Coronal Heating, Solar Filament Formation

Filament Channels: Isolated Laboratories of Plasma Heating in the Solar Corona

December 2015


Solar filament channels are complex systems comprising photospheric, chromospheric and coronal components. These components include magnetic neutral lines, supergranule cells, fibrils (spicules), filaments (prominences when observed on the limb), coronal cells, filament cavities and their overlying coronal arcades. Filaments are very highly structured and extend in height from the photosphere to the corona. Filament cores have chromospheric temperatures – 10,000 K (even at coronal heights ~ 100 Mm), surrounded by hotter plasma with temperature up to ~50,000 K. The whole filament is isolated from the rest of the solar corona by an envelope – the filament channel cavity – with temperatures of about 2,000,000 K. The filament channel cavity is even hotter than the solar corona outside the filament channel arcade. The compactness and big temperature variations make filament channels unique ready-to-go laboratories of coronal plasma heating and thermodynamics. In this work we discuss possible sources and mechanisms of heating in the filament channel environment. In particular, we address the mechanisms of magnetic canceling and current sheet dissipation.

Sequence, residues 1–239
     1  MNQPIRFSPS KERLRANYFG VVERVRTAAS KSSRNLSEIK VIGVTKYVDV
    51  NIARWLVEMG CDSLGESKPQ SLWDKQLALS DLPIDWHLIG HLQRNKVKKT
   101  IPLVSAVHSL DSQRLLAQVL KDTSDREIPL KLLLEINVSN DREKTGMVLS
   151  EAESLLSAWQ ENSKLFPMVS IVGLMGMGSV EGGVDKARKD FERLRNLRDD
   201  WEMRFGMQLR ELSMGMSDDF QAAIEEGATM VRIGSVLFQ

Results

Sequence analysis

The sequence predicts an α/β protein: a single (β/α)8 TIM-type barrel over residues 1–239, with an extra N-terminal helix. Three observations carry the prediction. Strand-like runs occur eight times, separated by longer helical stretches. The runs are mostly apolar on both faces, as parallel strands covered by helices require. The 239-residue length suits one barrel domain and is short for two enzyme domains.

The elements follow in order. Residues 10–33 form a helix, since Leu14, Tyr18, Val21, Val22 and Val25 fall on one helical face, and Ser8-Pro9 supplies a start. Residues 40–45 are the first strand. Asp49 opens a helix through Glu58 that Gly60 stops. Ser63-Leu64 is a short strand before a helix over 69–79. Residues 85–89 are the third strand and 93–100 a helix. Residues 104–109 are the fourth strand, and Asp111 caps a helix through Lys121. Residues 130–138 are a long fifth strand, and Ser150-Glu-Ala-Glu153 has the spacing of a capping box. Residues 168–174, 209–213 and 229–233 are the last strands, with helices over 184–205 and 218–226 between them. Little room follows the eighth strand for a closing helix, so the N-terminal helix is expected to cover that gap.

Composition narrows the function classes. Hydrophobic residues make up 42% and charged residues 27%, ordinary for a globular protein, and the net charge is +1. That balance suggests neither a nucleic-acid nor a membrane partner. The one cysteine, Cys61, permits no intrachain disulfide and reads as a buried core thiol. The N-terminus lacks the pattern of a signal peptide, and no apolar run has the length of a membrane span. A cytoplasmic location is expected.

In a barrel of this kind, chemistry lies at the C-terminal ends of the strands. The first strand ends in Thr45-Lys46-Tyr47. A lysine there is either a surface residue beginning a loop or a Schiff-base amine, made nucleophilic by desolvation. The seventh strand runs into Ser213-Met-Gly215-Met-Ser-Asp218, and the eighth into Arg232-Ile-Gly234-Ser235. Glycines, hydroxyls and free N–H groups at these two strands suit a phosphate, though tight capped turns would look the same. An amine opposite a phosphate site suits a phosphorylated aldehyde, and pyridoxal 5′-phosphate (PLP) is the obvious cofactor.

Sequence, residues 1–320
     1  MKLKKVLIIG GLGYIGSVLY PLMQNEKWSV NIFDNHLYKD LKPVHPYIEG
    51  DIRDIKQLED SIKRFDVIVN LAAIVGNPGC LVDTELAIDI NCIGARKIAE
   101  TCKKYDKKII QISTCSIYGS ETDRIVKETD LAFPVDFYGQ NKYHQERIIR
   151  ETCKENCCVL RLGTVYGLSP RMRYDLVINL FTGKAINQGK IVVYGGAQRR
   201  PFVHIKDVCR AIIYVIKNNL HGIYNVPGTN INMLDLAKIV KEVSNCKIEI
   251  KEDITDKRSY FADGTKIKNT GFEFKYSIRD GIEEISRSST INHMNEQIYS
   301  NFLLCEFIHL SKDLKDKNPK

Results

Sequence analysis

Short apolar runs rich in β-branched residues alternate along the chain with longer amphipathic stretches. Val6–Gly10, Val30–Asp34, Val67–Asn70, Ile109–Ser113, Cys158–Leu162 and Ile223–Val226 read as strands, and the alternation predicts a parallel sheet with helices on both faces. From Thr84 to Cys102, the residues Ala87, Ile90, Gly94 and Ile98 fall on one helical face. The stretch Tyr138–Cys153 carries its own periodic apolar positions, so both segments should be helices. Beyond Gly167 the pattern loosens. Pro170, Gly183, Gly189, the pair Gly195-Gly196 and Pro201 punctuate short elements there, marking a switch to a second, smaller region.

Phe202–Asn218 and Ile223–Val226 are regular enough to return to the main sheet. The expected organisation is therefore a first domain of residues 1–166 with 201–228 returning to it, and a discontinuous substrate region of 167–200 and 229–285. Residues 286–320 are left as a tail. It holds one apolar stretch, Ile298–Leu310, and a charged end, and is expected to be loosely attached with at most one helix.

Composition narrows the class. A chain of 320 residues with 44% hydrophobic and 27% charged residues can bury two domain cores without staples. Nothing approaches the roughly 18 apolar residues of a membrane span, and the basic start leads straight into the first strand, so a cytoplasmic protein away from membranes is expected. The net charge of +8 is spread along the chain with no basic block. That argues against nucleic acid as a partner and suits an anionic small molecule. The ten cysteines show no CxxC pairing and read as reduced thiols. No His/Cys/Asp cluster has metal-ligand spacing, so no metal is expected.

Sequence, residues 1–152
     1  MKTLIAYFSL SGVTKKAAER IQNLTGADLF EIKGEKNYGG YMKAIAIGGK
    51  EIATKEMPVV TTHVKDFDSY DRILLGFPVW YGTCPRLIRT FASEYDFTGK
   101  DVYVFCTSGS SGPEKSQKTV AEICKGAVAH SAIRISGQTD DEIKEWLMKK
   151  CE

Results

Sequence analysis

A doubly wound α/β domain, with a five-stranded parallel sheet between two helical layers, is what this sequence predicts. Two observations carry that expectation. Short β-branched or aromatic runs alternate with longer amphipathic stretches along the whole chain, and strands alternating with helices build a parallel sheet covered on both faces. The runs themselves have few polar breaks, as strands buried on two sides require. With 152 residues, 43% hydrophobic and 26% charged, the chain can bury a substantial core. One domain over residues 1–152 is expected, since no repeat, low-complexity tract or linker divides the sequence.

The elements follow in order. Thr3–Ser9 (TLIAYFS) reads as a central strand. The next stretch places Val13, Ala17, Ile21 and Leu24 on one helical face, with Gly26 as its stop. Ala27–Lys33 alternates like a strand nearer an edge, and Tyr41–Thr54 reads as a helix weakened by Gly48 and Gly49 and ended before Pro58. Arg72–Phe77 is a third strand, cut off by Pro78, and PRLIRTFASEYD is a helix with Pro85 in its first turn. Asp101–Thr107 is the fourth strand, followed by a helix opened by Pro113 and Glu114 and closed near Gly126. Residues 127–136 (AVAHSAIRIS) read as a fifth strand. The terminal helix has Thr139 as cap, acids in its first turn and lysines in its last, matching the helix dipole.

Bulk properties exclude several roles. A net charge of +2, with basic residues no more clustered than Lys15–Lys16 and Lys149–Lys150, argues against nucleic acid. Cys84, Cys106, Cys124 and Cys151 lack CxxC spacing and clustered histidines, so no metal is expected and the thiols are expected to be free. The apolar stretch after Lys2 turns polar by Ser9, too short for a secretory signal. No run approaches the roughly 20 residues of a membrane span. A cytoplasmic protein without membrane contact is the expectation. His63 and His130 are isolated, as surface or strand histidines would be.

Featured Publications

  2016 (1)
Rapid Reconnection and Field Line Topology. Parker, E.; and Rappazzo, A. In Gonzalez, W.; and Parker, E., editor(s), Astrophysics and Space Science Library, volume 427, pages 181, 2016.
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  2015 (1)
Observations and Analysis of the Non-Radial Propagation of Coronal Mass Ejections Near the Sun. Liewer, P.; Panasenco, O.; Vourlidas, A.; and Colaninno, R. \solphys, 290: 3343-3364. November 2015.
doi   bibtex
  2014 (1)
Apparent Solar Tornado-Like Prominences. Panasenco, O.; Martin, S.; and Velli, M. \solphys, 289: 603-622. February 2014.
doi   bibtex

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